Tesla Powerwall: How Does It Work?
January 26, 2023
With advancements in solar technology moving at light speed, it’s no wonder people are trying to get their hands on the latest innovations. And the Tesla Powerwall is one of them.
The Tesla Powerwall is a rechargeable home battery. Tesla built it to maximize your home’s green power use while also giving you greater energy independence. This means you have another way to store backup power while further reducing your carbon footprint. Plus, you save more money on your electric bill.
Although many people are interested in going solar and finding battery solutions, there’s still some confusion about the Powerwall.
So, how does Tesla Powerwall work?
In this article, we’ll answer the question. We’ll also explore its components and design, skim the benefits of purchasing one and review how you can install one in your home.
[Related: The Benefits of Energy Independence With Freedom Solar]
How the Tesla Powerwall Works
The Tesla Powerwall allows you to store energy for use at night, on cloudy days or in the event of an unfortunate power outage.
The Tesla Powerwall system includes at least one Powerwall and a Backup Gateway. You can monitor, meter and manage your system through this gateway.
It’s unsurprising that the Powerwall system is intelligent, but the Backup Gateway is one of its most interesting capabilities. The gateway learns and adapts to your unique energy usage over time. The Backup Gateway can manage up to 10 Powerwalls at any given time and can even receive over-the-air updates.
One of the biggest perks of the Powerwall system is that it works with and without solar.
Most of us know solar panels absorb solar energy when the sun is out and turn it into usable power for homes and businesses. However, if your panels don’t (or can’t) produce enough energy during the day to meet your needs, you have to pull energy from the grid.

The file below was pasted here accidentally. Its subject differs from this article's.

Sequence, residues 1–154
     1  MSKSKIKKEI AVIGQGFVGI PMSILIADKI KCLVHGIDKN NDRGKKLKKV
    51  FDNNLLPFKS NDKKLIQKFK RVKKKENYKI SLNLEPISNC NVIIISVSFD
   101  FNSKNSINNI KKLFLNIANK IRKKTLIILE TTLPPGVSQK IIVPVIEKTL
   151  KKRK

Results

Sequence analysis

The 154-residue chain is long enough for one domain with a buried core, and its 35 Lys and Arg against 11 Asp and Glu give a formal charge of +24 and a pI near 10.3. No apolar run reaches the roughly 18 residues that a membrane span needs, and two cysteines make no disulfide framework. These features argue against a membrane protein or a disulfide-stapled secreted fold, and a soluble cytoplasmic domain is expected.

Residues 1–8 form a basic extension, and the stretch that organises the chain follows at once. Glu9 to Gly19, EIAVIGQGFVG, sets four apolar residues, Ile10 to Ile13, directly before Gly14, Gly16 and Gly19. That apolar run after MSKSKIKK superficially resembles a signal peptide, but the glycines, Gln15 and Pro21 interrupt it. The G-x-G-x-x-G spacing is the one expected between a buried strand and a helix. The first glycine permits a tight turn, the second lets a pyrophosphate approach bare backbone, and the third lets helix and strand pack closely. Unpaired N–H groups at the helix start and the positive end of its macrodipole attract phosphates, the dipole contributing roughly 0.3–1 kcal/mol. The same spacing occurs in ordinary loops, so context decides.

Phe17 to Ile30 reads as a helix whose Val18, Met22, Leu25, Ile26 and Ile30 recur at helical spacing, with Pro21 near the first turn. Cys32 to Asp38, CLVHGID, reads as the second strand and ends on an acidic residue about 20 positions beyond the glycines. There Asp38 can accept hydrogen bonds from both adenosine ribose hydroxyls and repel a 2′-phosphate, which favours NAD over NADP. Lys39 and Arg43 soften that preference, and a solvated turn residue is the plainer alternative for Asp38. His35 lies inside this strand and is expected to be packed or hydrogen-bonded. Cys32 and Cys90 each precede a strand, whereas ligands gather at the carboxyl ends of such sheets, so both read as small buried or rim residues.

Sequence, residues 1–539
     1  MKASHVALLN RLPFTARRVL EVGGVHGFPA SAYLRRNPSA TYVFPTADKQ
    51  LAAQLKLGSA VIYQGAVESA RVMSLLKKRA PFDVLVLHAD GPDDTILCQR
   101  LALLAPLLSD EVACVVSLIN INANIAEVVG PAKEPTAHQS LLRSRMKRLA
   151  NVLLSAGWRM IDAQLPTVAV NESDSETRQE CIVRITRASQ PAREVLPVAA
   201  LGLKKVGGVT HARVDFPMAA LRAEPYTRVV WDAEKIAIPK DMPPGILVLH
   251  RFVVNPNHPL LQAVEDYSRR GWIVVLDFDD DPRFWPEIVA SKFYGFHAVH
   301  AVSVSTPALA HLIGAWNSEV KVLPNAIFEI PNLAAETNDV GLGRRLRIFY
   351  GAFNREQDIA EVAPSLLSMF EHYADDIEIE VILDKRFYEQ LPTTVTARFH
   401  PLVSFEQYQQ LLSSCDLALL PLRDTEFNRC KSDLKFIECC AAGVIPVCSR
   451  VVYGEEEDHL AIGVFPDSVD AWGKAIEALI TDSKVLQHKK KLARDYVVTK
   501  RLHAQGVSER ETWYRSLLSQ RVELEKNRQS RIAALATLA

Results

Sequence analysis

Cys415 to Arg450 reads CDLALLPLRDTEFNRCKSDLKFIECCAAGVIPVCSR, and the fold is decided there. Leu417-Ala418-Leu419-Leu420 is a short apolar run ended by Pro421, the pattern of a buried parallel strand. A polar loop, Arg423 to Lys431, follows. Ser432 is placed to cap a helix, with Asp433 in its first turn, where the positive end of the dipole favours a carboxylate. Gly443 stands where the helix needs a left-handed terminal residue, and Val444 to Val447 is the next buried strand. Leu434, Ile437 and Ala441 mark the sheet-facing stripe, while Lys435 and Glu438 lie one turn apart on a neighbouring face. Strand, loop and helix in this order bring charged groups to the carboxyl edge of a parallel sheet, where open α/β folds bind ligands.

This is why it’s helpful to have hybrid solar panels. They can both disconnect and connect to the grid as needed.
Electricity rates tend to vary throughout the day. The Powerwall monitors those rates and charges up when costs are low. When rates are high, the Powerwall discharges (that is, it stops charging until better rates spring up).
The Powerwall’s goal is to reap you the most possible financial savings.
The Tesla Powerwall can also detect outages and automatically provide backup power, thus becoming your home’s main power source rather than the grid.
[Related: Why Would You Want a Battery That Doesn’t Get You Off-Grid?]
Tesla Powerwall System Design
Here’s a look into the Tesla Powerwall’s system design.
The Tesla Powerwall can perform a whole-home power backup as well as handle essential energy loads. Whole-home backups refer to lighting and appliances. A partial-home backup depends on your unique electrical setup. Typically, 5 kilowatts (KW) of power is enough to support your residential power needs during an outage. Businesses usually require more, depending on their size and average energy usage, of course.
With a partial home backup, you can handpick which loads are essential for your daily use. Most people choose lighting and outlets. But if your home runs on a three-phase power supply, a Powerwall energizes select appliances on a single-phase.
It’s important to note that you should limit your power consumption as much as possible during an outage. If your home exceeds 5 KW of energy use during an outage, the Powerwall automatically turns off. So, use your energy wisely.
[Related: Tips to Save on Energy Costs]